THE first new council houses in Arun for almost a generation are likely to be built within the next two or three years.
More than 21 years after the tenants of the council’s last property received their keys, Arun this week laid the financial foundations for small-scale pilot developments in the near future.
Council leader Gill Brown announced the house-building moves during her budget speech when, for the second year running, Arun froze its share of council tax bills, which will remain at £161.37 for a band D property.
However, average rents for Arun’s existing council tenants will rise by £5.40 a week, or seven per cent, drawing criticism from opposition councillors who claimed it would lead to greater hardship among some of the district’s poorest families.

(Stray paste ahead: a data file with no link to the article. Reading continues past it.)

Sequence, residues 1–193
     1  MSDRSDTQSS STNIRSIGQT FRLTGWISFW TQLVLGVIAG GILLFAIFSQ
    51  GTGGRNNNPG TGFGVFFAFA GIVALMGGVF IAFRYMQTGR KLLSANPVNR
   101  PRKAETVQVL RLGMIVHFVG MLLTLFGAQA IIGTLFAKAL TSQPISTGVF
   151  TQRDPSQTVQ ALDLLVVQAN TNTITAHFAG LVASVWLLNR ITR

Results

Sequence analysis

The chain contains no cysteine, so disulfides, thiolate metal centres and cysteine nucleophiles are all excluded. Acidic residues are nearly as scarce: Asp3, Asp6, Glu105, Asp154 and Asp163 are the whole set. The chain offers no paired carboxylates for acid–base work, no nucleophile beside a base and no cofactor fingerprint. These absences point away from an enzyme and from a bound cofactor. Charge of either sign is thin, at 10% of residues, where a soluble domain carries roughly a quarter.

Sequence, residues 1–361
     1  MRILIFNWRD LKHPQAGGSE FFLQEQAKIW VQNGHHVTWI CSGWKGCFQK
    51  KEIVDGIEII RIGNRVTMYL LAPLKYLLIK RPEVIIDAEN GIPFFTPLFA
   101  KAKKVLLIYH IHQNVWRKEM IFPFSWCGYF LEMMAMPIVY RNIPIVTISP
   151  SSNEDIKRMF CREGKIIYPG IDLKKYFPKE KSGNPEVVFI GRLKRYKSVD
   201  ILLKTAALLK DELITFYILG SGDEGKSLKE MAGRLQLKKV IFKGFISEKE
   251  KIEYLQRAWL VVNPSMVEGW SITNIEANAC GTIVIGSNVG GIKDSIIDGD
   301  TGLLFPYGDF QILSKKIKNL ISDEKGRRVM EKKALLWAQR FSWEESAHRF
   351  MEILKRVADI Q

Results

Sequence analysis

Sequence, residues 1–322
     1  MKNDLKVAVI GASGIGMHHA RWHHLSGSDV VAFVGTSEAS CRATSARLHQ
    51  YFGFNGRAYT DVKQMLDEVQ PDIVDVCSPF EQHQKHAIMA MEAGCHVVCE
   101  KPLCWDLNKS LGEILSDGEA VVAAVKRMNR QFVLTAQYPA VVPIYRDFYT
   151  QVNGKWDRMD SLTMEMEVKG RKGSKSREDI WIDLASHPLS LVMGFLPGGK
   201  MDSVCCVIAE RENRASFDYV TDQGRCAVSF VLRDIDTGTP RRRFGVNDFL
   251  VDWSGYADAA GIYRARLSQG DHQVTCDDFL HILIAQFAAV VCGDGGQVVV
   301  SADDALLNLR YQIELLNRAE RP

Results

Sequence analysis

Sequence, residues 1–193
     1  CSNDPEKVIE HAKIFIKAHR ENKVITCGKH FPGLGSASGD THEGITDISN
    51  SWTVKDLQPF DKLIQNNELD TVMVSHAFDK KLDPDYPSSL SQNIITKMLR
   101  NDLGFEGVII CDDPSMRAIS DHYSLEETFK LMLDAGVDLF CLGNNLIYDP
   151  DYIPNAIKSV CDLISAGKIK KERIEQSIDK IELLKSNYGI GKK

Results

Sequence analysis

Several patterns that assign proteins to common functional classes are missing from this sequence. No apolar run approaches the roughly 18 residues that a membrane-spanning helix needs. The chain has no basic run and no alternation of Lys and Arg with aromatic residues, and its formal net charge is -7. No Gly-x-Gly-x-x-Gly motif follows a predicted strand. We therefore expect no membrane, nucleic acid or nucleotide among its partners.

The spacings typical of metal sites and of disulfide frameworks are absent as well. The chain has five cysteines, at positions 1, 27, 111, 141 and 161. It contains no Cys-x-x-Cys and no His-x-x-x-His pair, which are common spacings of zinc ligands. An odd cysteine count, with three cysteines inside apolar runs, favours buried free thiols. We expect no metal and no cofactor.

Their call for the increase to be restricted to two per cent in the coming year, with further rises stepped up over the following years, was defeated.
Mrs Brown, who opposed the smaller rise, said the figure of £5.40 had been set in accordance with government guidelines based on the retail price index.
Arun cabinet member for housing Roger Elkins warned that the loss of £700,000 from the council’s housing revenue account if the full rise did not go ahead would have a “dramatic” effect on its future business plan, including the house-building proposals.
Liberal Democrat Dr James Walsh slammed the seven per cent increase, as part of a budget which froze council tax across the board.
“It’s the old Tory policy of making the poorest in society pay more, while the rich, living in properties with the highest council tax, benefit the most from a tax freeze,” he said.
He pointed out the Duke of Norfolk would be paying the same council tax for Arundel Castle that he had for the past two years.